By Heidi Simmons

“Sandorkraut:  A Fetish for Fermentation”

12 minutes


Extraordinary People Program

Thursday, June 18 11:30

Camelot Theatres

When filmmakers Ann Husaini and Emily Lobsenz met at a party, they discovered a mutual interest.  “Partly being silly, I mentioned to Ann that she should double ferment the extra Sangria.  And she immediately knew what I was talking about,” said Lobsenz.  “We both had read Sandor Katz books on fermentation and discovered we both thought he would be a great subject for a film.”

“Sandorkraut:  A Fetish for Fermentation” is a look at the magic and philosophy of fermentation as told by the guru of fermentation and New York Times Bestselling author Sandor Katz.  Sandorkraut is a nickname for Katz because of his gift for making superb sauerkraut.  Meticulously photographed by cinematographer Craig Marsden, Katz tells his personal story of how, after leaving New York City, he came to appreciate the fermentation process and its larger meaning on his Tennessee farm.

“Sandor’s books are so much more than just cookbooks and recipes,” said Husaini.  “He is a beautiful writer.  He talks about our food system and shares his personal experience of life in a rural community.  I knew a short portrait documentary was a very achievable film to make.”

Husaini and Lobsenz wrote, directed, produced and edited the film together.  Shot over two days and with a budget of $3,000 — mostly on travel and food — Husaini and Lobsenz each marshaled their talented friends who owned their own equipment to do all the things they couldn’t.  “We used a deep resource of friends that complimented each other in terms of getting things done,” said Husaini.  “It was really cool.  The whole team was great and worked nicely together.”

Husaini and Lobsenz each have made feature length and short films prior to their collaboration.  Husaini is a graduate of Columbia’s MFA Film Program and Lobsenz has a Master from Courtald Institute of Art in London.

“It was a learning experience for the both of us because we didn’t know each other well,” said Husaini.  “We were doing it out of a common interest.   Emily comes from a writing-directing background and I’m more of a seasoned editor.  We both had a similar vision of what we wanted because of our appreciation for Sandor.  Our artistic ideas were similar.”

“Creatively we worked really well together.  Producing was harder because we just didn’t have any money,” said Lobsenz.  “But, we’d pass things back and forth.  It was a nice balance.  There is a lot of stuff in the film that worked out because we each added something more to the scene.  We both wanted to create something really textured, with sound and visuals.  Ann cut it together to amplify what I wanted to do.  She is incredibly creative and really motivated and smart, so it was cool to push each other like that.”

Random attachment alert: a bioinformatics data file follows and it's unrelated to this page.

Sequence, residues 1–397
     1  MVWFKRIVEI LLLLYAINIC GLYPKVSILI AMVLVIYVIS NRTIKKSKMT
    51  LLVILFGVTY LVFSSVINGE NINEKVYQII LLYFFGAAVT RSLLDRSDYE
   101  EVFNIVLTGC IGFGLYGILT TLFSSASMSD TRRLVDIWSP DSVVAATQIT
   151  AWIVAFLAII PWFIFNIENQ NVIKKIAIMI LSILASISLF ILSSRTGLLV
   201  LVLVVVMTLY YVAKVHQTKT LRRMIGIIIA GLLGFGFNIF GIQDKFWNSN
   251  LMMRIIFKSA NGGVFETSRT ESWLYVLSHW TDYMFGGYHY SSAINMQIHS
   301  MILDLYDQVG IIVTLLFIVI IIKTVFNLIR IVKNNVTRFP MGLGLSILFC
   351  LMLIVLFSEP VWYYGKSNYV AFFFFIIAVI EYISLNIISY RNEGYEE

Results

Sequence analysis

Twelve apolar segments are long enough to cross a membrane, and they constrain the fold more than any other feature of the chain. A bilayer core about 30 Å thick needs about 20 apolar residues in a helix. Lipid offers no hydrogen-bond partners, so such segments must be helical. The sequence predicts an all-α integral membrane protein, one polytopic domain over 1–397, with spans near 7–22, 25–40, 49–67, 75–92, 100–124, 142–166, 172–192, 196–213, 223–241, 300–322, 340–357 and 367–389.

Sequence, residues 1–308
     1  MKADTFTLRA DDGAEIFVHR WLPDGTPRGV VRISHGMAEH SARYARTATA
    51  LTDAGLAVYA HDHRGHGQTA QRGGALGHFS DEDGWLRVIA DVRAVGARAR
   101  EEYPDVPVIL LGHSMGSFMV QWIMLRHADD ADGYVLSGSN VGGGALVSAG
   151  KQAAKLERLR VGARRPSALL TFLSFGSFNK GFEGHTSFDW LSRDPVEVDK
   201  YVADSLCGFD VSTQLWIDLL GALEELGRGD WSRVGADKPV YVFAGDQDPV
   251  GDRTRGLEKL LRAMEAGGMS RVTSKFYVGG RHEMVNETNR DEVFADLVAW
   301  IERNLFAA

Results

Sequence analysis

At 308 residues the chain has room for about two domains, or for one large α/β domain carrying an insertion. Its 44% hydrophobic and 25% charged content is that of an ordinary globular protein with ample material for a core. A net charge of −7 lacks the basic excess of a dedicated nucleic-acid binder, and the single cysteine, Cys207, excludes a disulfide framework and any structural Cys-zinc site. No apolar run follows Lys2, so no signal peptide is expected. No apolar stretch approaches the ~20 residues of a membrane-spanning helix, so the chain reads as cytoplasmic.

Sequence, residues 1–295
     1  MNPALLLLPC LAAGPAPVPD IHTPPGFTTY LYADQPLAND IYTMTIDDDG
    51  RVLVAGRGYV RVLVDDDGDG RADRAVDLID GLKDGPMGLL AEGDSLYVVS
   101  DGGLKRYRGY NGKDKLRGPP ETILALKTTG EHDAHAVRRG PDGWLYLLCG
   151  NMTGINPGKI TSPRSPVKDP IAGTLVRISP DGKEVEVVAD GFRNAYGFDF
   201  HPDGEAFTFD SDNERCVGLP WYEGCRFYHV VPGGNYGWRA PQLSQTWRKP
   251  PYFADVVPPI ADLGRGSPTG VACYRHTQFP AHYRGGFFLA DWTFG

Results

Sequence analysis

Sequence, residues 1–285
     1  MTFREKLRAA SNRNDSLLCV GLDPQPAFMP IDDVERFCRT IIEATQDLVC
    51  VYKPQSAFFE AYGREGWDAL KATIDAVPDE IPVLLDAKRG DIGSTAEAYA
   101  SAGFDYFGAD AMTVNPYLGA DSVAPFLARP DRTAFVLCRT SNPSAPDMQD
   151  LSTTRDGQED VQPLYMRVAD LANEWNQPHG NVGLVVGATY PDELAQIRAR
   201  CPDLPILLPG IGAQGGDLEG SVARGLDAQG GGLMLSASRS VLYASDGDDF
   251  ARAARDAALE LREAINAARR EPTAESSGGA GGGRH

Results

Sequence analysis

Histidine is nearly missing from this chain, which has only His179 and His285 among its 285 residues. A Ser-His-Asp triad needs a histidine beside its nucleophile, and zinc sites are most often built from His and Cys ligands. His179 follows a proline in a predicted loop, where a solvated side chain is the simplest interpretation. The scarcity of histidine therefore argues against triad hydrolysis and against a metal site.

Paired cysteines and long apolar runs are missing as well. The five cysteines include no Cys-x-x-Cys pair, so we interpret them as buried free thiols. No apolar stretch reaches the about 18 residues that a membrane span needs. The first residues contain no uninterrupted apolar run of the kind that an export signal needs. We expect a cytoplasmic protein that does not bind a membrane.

Raised in a household where her mother grew her own vegetables and made yogurt, Lobsenz felt a connection to Sandor’s work.  And when her father became seriously ill, she wanted to better understand the healing properties of fermentation.  “Sandor writes these beautiful things about life and death as he makes Kimchi,” said Lobsenz.  “There’s this whole spiritual side to fermentation that really hit me when I thought I might lose someone I love dearly.”  Lobsenz father survived his illness.

With a background in literature and fine arts, Lobsenz wanted the film to look like the Dutch and Flemish paintings she studied abroad.  She showed Husaini, Hungarian filmmaker Béla Tarr‘s, “The Turin Horse” as an example of how she saw the simple process of Katz chopping cabbage and making sauerkraut.

Husaini loves cinéma vérité and the work of Albert and David Maysles.  She enjoys Harmony Korine for visual style but likes happier topics.   She’s naturally drawn to first-person narrative in documentaries.   She was on a health food kick, making her own sauerkraut and canning, when she read Wild Fermentation by Katz.

“We are both strong personalities and are used to working independently but it’s been good for both of us,” said Husaini.  “We gave each other space and divided up duties according to our strengths.  I’m grateful for the whole experience.  Alone, neither of us would have done it, but having a partner on this project really made it work.”

“Sandorkraut” has been in 15 festivals since its completion last year.  The documentary has been in all types of program categories that include environmental, gay lives, political activism, death and food!

For more information on “Sandorkraut” and the filmmakers go to   For tickets go to  “Sandorkraut” is packaged with six other films under the “Extraordinary People” program.